A Warkworth man’s increased sightings of kererū in his garden in Percy Street has helped confirm researchers’ views that lower sightings generally should not be cause for alarm.
Tim Slater managed to snap several pictures of the New Zealand native pigeon nibbling on loquats in his garden.
This year, he’s managed five sightings of the birds, whereas at the same time last year he saw only one.
His increased sightings go against a nationwide trend where fewer sightings have been reported.
This year, The Great Kererū Count, a longitudinal study of the birds recorded 6,700 observations of the birds in September, compared with 8,500 last year.
But director of the centre for biodiversity & restoration at Victoria University Dr Stephen Hartley says this does not necessarily mean there has been a drop in the kereru population.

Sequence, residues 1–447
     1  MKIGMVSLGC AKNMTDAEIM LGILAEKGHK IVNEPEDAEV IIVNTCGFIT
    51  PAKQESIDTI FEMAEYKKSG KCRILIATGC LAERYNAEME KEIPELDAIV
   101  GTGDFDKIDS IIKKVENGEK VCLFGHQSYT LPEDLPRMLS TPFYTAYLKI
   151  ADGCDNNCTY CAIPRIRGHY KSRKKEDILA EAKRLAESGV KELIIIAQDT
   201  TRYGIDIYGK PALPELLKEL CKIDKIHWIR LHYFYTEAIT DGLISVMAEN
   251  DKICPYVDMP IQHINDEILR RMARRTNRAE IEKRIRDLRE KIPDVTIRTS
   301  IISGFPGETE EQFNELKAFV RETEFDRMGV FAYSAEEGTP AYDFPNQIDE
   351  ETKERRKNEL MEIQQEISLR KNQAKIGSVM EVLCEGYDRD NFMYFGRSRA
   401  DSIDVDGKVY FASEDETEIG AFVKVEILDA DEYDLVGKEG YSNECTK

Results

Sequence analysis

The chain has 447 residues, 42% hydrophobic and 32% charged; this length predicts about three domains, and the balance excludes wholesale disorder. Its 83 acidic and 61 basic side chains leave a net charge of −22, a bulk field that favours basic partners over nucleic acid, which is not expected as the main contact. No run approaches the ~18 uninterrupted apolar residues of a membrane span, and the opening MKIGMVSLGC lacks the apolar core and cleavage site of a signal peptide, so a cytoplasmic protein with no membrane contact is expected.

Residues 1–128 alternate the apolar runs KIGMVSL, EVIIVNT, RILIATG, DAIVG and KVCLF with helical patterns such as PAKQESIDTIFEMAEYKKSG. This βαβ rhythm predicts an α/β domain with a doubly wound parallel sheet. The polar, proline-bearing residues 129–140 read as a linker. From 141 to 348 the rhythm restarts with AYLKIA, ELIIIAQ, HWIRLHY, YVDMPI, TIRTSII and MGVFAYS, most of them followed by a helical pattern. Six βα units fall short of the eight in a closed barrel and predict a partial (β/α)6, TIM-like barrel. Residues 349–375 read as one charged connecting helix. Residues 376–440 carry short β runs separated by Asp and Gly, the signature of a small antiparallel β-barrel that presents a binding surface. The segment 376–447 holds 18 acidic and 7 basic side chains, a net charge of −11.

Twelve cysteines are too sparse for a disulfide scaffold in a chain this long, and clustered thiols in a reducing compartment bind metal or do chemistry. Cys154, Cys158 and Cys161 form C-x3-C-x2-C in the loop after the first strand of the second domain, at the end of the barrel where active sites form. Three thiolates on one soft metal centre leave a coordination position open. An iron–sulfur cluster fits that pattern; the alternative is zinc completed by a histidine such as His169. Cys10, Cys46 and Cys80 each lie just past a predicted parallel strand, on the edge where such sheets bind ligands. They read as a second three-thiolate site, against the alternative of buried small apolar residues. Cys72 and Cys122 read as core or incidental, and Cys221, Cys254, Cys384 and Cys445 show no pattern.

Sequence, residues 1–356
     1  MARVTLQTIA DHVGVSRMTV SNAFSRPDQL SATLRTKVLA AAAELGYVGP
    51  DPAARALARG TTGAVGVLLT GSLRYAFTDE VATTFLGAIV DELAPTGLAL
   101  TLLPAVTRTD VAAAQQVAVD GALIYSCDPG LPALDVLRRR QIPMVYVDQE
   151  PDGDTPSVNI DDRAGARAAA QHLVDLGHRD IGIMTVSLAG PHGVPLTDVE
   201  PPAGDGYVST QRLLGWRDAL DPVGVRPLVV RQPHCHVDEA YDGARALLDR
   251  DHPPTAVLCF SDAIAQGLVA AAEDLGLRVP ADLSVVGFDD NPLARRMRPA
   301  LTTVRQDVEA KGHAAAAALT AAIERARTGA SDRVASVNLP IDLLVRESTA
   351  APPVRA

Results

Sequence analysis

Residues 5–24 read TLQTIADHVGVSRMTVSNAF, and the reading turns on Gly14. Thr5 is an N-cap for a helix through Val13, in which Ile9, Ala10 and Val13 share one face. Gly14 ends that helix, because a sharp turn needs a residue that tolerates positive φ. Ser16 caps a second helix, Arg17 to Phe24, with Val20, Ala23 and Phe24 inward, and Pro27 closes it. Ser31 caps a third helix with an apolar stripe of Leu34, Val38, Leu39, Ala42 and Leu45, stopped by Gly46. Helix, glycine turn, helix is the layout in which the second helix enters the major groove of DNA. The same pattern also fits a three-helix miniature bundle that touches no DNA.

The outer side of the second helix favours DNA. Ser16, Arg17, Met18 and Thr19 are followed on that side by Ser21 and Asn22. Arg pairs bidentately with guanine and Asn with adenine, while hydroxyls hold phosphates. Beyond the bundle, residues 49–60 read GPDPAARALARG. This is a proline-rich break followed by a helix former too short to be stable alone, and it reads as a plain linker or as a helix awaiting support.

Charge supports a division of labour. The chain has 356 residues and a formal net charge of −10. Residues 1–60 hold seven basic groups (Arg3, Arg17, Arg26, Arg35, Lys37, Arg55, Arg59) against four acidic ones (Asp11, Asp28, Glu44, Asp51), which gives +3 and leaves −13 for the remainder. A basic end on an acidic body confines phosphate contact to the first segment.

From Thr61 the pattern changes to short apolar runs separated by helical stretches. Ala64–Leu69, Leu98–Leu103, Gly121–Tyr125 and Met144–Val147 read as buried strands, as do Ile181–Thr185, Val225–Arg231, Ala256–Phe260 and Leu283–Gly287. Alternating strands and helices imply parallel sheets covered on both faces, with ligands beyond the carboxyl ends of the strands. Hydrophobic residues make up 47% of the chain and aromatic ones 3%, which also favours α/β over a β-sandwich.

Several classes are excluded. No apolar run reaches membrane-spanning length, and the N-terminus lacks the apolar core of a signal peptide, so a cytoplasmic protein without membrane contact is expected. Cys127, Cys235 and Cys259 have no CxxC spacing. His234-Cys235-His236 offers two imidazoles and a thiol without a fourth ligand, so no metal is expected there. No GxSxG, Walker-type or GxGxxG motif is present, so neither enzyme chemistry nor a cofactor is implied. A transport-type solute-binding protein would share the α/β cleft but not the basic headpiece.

He says the bumper fruiting season over spring has meant there have been unusually high amounts of forest fruit. One possibility is that kereru have been staying deep in the forest, rather than venturing out into towns and cities.
Great Kererū Count organiser Tony Stoddard sees this as a good thing.
“Kererū will go out of their way to follow their favourite foods. Kererū feeding on native forest fruit is exactly what they need to do, as they play a crucial role in dispersing seeds of large trees like tawa, taraire, hinau and miro – this is why they are known as ‘gardeners of the sky’.”
The aim of the Great Kererū Count is to monitor how kererū are faring.
Now in its sixth year, it is anticipated the count needs to gather at least eight years of data to help New Zealand understand how best to restore healthy and abundant populations of the bird.